Institute for the Study of Contemporary Antisemitism, Indiana University
Director: Professor Alvin Rosenfeld
A significant part of the research effort of ISCA will be to clarify what is new and what has been inherited from the antisemitic lexicons of the past. The repertoire of emotionally charged accusations against Judaism and the Jews is made up of a familiar series of destructive myths that have been perpetuated over the ages. Given their longevity and tenacity, it is unlikely that these myths can be eradicated, but by analyzing and exposing them as myths, it may be possible to help people recognize this pathology for what it is and thereby mitigate some of its harmful effects. The Institute for the Study of Contemporary Antisemitism at Indiana University was established in 2009, under the auspices of the Robert A. and Sandra S. Borns Jewish Studies Program.  The Institute plans to sponsor regular lectures, colloquia, symposia, and national and international conferences involving scholars from other universities, as well as research by faculty members and current graduate students.

Canadian Institute for the Study of Antisemitism

Director: Catherine Chatterley, PhD
The Canadian Institute for the Study of Antisemitism (CISA) is an independent national academic organization committed to the scholarly study of the millennial phenomenon of antisemitism in its classic and contemporary forms. CISA is a registered Canadian charity committed to the uprooting of hatred and stereotypes through progressive education and by working cooperatively to build a more humane future for all people.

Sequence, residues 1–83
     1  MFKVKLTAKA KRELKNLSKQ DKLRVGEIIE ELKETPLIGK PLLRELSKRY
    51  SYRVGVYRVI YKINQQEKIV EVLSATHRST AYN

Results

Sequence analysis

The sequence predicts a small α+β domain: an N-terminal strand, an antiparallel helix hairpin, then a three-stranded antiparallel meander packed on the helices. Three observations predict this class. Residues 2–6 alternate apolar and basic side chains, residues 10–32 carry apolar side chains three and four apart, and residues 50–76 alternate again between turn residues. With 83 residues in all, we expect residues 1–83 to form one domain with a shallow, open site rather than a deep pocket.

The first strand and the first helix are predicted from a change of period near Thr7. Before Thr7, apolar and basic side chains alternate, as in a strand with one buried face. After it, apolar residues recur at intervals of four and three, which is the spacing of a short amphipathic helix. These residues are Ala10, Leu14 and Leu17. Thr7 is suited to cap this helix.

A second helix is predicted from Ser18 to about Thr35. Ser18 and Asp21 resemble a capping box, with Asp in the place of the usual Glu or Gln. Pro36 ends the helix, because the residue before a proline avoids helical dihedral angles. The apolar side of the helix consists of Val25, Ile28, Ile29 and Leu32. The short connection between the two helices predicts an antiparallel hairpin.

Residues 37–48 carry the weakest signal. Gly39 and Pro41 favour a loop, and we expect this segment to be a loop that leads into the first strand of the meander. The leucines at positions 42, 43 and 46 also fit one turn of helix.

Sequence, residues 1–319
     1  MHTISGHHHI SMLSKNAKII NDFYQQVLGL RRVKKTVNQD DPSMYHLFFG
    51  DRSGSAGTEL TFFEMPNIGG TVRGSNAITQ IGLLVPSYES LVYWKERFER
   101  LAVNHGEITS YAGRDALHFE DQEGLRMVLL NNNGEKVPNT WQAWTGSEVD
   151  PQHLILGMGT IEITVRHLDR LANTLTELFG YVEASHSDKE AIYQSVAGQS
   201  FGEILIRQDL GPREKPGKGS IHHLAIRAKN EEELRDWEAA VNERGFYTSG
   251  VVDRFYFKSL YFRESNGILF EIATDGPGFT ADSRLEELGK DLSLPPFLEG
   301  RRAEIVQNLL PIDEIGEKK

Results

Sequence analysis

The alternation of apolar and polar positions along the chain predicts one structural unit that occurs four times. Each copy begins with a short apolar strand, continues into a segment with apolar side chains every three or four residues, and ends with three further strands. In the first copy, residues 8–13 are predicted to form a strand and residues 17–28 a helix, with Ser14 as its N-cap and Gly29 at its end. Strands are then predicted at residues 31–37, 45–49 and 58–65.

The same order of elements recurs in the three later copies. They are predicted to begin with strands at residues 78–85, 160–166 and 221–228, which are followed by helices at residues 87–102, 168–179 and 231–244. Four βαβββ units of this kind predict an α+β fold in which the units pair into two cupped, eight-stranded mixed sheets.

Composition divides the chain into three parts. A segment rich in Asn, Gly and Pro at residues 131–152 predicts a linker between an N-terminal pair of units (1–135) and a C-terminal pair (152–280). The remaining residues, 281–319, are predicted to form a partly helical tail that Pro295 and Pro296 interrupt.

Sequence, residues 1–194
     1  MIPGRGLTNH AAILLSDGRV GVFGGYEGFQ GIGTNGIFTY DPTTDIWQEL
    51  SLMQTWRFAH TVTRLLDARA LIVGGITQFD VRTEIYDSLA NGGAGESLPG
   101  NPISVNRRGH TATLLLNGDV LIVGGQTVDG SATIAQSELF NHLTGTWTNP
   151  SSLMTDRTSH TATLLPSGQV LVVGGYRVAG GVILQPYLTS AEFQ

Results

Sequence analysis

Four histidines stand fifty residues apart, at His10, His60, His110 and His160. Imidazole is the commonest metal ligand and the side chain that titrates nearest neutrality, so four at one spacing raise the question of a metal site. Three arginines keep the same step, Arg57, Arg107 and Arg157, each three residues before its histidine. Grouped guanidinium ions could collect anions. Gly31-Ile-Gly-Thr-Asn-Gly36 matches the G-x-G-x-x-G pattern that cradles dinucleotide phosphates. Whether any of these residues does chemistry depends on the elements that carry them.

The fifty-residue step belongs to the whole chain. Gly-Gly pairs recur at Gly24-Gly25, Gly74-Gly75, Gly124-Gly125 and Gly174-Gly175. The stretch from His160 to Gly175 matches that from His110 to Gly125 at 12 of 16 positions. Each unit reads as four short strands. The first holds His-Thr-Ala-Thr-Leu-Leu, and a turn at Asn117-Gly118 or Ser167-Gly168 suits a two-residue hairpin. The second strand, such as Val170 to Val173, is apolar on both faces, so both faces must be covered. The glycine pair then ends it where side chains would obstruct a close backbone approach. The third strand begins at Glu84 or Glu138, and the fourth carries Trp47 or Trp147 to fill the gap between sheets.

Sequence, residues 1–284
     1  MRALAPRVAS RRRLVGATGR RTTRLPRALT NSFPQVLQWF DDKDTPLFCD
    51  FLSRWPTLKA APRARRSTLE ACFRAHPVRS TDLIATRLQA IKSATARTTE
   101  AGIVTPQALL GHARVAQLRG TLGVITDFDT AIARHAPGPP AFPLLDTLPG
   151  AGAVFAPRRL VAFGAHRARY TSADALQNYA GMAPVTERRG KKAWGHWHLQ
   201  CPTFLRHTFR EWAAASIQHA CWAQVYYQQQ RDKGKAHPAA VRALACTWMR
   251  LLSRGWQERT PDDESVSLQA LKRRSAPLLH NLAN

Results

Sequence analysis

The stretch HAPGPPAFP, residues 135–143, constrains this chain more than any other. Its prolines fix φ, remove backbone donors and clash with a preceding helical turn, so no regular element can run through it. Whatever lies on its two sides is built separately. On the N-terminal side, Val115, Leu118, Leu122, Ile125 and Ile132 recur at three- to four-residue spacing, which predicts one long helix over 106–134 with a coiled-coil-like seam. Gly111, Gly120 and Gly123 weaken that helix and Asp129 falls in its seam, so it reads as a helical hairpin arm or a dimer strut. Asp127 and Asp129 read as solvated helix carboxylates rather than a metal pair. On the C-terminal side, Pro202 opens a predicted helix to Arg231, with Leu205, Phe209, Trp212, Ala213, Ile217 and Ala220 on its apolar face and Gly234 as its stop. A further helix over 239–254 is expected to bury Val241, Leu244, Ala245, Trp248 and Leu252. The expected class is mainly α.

Yad Vashem
As the Jewish people’s living memorial to the Holocaust, Yad Vashem safeguards the memory of the past and imparts its meaning for future generations. Established in 1953, as the world center for documentation, research, education and commemoration of the Holocaust, Yad Vashem is today a dynamic and vital place of intergenerational and international encounter.  For over half a century, Yad Vashem has been committed to four pillars of remembrance: commemoration, documentation, research, and education.

World Jewish Congress (WJC)
Secretary-General: Daniel Diker
The World Jewish Congress is an international organization whose mission is to address the interests and needs of Jews and Jewish communities throughout the world.  Founded in Geneva in 1936 to unite the Jewish people and mobilize the world against the Nazi onslaught, the WJC is the representative body of Jewish communities and organizations in nearly 100 countries from Argentina to Zimbabwe, across six continents. It seeks to foster the unity and creative survival of the Jewish people while maintaining its spiritual, cultural and social heritage. The core principle of the World Jewish Congress is that all Jews are responsible for one another.  One of WJC’s stated priorities is combating antisemitism.

United States Holocaust Memorial Museum
The United States Holocaust Memorial Museum inspires citizens and leaders worldwide to confront hatred, prevent genocide, and promote human dignity. Federal support guarantees the Museum's permanent place on the National Mall, and its far-reaching educational programs and global impact are made possible by generous donors.